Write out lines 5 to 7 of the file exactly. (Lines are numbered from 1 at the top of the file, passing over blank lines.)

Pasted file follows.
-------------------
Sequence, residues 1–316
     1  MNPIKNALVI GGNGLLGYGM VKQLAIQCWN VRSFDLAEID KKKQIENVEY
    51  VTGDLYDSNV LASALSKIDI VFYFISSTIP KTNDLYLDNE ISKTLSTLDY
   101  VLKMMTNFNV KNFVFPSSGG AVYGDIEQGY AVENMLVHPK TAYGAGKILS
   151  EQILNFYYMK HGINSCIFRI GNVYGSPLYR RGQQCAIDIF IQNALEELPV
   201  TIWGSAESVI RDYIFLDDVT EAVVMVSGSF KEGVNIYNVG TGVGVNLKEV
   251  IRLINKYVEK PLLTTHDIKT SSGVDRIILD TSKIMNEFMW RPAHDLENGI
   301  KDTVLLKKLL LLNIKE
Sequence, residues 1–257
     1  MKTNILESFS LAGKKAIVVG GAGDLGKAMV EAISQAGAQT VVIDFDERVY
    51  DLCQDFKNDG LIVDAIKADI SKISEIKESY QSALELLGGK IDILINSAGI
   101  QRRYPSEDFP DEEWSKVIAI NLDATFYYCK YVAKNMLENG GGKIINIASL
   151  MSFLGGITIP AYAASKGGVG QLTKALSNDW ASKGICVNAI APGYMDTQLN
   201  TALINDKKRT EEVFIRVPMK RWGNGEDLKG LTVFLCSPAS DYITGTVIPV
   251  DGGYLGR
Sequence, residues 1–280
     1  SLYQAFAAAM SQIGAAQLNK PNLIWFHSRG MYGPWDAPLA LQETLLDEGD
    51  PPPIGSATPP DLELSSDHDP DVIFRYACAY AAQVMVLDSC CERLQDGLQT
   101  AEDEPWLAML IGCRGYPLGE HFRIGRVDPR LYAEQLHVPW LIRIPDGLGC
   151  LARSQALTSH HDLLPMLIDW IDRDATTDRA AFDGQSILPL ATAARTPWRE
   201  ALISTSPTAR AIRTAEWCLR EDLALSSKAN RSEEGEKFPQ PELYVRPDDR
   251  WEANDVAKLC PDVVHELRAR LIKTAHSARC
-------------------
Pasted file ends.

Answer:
   151  EQILNFYYMK HGINSCIFRI GNVYGSPLYR RGQQCAIDIF IQNALEELPV
   201  TIWGSAESVI RDYIFLDDVT EAVVMVSGSF KEGVNIYNVG TGVGVNLKEV
   251  IRLINKYVEK PLLTTHDIKT SSGVDRIILD TSKIMNEFMW RPAHDLENGI